Sorry it has taken me so long to write in about die numbers. This was an interesting problem 40 years ago, and it took Jim Haxby and me some time to find the answer. The purpose for the use of die numbers was to allow bad work in the coining press room to be traced back to the responsible workmen.
This was not a guess on our part. We found an 1860's English publication that explained the use of die numbers, so really Jim Haxby and I simply summarized the juicy bits. Just a few weeks after our Numismatic News article, David Sealy wrote on the same subject, using the same key reference, in one of his marvelous columns on coin varieties in, I believe, Coins Monthly.
The use of die numbers required that registers be kept of the use of all numbered dies. Unfortunately those registers were destroyed after World War II, when the Mint allowed a busybody from the Public Records Office who knew nothing about numismatics to thin out the Mint Library by selecting for destruction Mint records he deemed not to be worth preserving. As a result of that piece of wanton destruction, little remains of the die sinking and die finishing records of the 19th century. I suppose one could take the view that making life too easy for scholars engaged in numismatic research takes away much of their fun. I do not subscribe to that view and have often wished that I had access to those missing records.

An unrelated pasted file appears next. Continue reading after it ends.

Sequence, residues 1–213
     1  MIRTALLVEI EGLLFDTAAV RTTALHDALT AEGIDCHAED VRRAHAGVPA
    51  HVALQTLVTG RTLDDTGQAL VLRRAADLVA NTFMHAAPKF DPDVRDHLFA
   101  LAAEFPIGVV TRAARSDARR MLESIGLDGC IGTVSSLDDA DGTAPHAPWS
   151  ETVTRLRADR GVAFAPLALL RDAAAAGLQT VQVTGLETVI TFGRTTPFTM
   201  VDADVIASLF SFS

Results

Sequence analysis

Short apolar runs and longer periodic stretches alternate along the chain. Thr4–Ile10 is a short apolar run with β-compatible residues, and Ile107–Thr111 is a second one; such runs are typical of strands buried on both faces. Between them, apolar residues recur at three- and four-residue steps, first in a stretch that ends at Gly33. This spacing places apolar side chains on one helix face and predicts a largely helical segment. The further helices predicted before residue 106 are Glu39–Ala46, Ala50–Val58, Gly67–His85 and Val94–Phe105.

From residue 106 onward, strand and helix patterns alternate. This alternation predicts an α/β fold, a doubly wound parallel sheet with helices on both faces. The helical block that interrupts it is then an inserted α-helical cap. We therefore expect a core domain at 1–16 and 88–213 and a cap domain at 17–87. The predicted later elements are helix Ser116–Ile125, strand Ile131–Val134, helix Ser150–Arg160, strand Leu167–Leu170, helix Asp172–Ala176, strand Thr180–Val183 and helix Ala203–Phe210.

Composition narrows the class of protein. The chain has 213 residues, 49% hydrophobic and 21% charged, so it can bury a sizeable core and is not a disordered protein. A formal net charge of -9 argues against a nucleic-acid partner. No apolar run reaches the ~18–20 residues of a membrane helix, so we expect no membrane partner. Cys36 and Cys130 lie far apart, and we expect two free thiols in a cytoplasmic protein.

Interested readers can consult our publication on the subject which includes a reference to the contemporary source material:
Peter P. Gaspar and James A. Haxby, "The Use of Numbered Dies in the Royal Mint 1863-1880", Numismatic News, Vol. 20, No. 35, p. 11 (August, 1972).
G. F. Ansell, in his 1871 "third edition" of The Royal Mint states on p. 80: "For the past few years the reverse die has been made to carry, in addition to its recognized device, a small number, with a view to determine at which coining press, and on what particular day, that die was used, that bad work might be traced to an individual." (The italics represent my emphasis.)
We should have found the reference in Ansell years earlier, since the Ansell book was one of the few generally accessible sources of information about the detailed workings of the Royal Mint. The reference that actually triggered our little paper (and also, coincidentally, a British paper just a few weeks later) was an article entitled "Registration of Coins" in a rather obscure English publication Intellectual Observer (1866) pp. 445-8. That article states at greater length what Ansell wrote a few years later.
I have asked Numismatic News for a photocopy of our 1972 paper. When it arrives, perhaps I will be reminded how Haxby and I found the Intellectual Observer piece.
Many thanks to Peter for the follow-up! It's a shame that those records were destroyed, but we're lucky that the publication documented the process for later researchers, and doubly lucky that the publication was rediscovered and utilized. -Editor.
Wayne Homren, Editor
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